Whether we like it or complain about it, bask in it or suffer from it, we all are affected by the weather. This essential truth becomes readily apparent when viewing Earth, the work of software engineer Cameron Beccario.
Using data from the Global Forecast System, Earth visualizes worldwide weather patterns using animated wind streams, color coded according to velocity, that sweep across a three-dimensional globe. Truly interactive, the visualization allows the user to spin the globe and zoom in on a desired location. Tapping on that location will then bring up further information about exact coordinates, wind speed, and temperature, with all information updated every three hours.
The world itself may be seen from different perspectives, as the visualization offers nine different projections, such as conic equidistant, stereographic, or Waterman Butterfly. When Earth was first introduced in December 2013, it only visualized wind patterns. Since then, however, Beccario has increased the number of overlays to include such factors as carbon monoxide concentration, dust and sulfate extinction, along with the measured temperature. Earth also shows the perceived temperature which Beccario calls the Misery Index, borrowing a term from economics. Explore the full functionality at http://earth.nullschool.net.
Beccario, Cameron. 2016. Earth. Courtesy of earth.nullschool.net. In “11th Iteration (2016): Macroscopes for Interacting with Science,” Places & Spaces: Mapping Science, edited by Katy Börner and Lisel Record. http://scimaps.org.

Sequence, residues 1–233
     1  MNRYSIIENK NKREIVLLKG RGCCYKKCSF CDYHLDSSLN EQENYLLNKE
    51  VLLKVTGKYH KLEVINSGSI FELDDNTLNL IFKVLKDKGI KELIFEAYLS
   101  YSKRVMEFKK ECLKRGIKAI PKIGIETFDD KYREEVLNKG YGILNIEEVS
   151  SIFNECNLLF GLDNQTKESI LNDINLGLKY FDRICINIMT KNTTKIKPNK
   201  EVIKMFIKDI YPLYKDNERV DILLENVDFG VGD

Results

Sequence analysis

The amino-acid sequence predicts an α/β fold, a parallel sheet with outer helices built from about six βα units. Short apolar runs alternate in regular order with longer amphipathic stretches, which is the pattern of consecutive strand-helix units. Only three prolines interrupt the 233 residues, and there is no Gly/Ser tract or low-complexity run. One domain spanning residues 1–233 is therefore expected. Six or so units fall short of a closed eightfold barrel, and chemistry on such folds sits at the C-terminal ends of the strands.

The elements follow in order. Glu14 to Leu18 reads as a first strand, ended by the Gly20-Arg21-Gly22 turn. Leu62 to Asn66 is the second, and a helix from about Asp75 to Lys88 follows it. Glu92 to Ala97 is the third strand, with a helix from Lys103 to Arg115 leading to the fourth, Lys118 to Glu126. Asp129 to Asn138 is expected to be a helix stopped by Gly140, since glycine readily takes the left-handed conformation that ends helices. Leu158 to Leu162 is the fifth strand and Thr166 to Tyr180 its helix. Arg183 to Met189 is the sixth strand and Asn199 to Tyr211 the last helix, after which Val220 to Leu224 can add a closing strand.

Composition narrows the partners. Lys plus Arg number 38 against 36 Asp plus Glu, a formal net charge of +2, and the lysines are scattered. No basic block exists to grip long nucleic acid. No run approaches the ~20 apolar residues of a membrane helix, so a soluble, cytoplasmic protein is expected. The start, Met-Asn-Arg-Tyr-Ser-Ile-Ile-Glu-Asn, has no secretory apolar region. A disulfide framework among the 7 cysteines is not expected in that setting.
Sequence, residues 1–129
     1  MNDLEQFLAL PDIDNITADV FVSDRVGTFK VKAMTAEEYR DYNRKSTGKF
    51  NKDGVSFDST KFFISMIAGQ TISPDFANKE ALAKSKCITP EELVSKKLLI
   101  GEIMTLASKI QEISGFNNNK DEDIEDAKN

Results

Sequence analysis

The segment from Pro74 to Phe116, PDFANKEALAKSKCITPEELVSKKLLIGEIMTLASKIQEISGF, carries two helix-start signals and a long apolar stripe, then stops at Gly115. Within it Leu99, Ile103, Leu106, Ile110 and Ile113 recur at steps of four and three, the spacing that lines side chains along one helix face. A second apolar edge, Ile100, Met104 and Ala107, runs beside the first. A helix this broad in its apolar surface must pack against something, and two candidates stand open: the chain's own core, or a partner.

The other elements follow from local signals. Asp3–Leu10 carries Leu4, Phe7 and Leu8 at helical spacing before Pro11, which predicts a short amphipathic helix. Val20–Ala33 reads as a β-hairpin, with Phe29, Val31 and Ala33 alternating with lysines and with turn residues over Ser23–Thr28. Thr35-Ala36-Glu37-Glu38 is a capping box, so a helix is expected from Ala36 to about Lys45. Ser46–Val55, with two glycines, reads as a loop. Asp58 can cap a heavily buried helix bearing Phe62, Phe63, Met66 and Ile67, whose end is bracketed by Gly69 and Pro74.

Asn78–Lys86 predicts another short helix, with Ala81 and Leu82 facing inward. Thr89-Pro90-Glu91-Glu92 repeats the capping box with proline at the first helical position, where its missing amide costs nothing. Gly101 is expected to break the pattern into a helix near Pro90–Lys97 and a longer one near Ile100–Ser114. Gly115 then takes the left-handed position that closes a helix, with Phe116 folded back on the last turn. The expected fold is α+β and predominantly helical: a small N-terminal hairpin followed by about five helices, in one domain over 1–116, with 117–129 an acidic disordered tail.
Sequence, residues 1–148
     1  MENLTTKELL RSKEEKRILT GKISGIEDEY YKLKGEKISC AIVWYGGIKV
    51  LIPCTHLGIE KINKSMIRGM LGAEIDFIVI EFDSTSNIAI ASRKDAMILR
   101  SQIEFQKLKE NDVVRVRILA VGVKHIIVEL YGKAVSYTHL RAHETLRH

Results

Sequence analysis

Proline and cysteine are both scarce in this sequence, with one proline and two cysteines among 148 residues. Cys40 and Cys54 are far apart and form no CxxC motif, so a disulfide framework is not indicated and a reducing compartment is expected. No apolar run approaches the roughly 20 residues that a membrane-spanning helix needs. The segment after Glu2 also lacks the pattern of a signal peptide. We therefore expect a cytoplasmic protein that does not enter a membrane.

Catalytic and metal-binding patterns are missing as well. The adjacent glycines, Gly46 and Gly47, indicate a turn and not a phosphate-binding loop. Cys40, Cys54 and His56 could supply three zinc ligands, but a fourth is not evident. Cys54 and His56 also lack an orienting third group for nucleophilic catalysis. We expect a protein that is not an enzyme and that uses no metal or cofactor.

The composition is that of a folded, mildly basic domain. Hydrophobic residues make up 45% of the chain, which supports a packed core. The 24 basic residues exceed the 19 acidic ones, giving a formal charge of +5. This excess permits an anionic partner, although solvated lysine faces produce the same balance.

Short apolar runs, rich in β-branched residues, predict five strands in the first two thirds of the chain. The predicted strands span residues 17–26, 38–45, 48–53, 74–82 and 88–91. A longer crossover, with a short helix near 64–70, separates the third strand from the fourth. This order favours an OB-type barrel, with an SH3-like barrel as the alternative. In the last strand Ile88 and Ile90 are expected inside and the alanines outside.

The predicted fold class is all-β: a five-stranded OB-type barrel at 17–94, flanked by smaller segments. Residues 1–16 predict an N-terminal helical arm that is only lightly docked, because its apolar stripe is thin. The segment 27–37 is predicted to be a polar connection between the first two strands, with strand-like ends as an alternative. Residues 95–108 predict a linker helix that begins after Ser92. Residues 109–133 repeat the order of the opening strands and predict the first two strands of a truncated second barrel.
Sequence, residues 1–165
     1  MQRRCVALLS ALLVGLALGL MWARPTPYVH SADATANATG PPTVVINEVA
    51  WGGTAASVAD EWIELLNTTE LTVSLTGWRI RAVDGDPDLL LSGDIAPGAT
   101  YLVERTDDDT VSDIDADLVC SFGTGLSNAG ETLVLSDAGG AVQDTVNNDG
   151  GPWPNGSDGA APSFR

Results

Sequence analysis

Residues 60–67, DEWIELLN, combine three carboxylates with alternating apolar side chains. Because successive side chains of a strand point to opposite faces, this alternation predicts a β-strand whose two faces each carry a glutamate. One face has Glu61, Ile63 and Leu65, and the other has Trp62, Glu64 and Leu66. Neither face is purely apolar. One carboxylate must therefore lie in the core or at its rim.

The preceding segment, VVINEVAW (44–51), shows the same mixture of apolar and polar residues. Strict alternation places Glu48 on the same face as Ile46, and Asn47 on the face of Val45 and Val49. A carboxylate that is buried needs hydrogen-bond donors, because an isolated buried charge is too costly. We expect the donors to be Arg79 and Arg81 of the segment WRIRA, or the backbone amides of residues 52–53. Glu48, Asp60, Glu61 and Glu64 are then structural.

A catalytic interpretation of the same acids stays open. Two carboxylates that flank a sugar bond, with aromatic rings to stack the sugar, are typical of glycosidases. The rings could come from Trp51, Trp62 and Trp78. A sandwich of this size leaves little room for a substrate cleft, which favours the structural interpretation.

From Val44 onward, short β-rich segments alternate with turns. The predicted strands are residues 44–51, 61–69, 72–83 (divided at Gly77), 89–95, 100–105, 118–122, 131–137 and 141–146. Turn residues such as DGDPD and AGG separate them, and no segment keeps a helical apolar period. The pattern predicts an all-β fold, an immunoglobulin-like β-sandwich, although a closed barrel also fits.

Beccario, Cameron. 2016. Earth Website. Accessed January 10, 2016. href="earth.nullschool.net/about" target="_blank">earth.nullschool.net/about.
Oremus, Will. 2013. “Mesmerizing Map Shows Which Way the World’s Winds Are Blowing.” Future Tense. Last modified December 18, 2013. http://www.slate.com/blogs/future_tense/2013/12/18/global_wind_map_cameron_baccario_s_visualization_of_world_weather_patterns.html.
- What is a Science Map?
- What is a Macroscope?
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Acknowledgements: This exhibit is supported by the National Science Foundation under Grant No. IIS-0238261, CHE-0524661, IIS-0534909 and IIS-0715303, the James S. McDonnell Foundation; Thomson Reuters; the Cyberinfrastructure for Network Science Center, University Information Technology Services, and the School of Library and Information Science, all three at Indiana University. Some of the data used to generate the science maps is from the Web of Science by Thomson Reuters and Scopus by Elsevier. Any opinions, findings, and conclusions or recommendations expressed in this material are those of the author(s) and do not necessarily reflect the views of the National Science Foundation.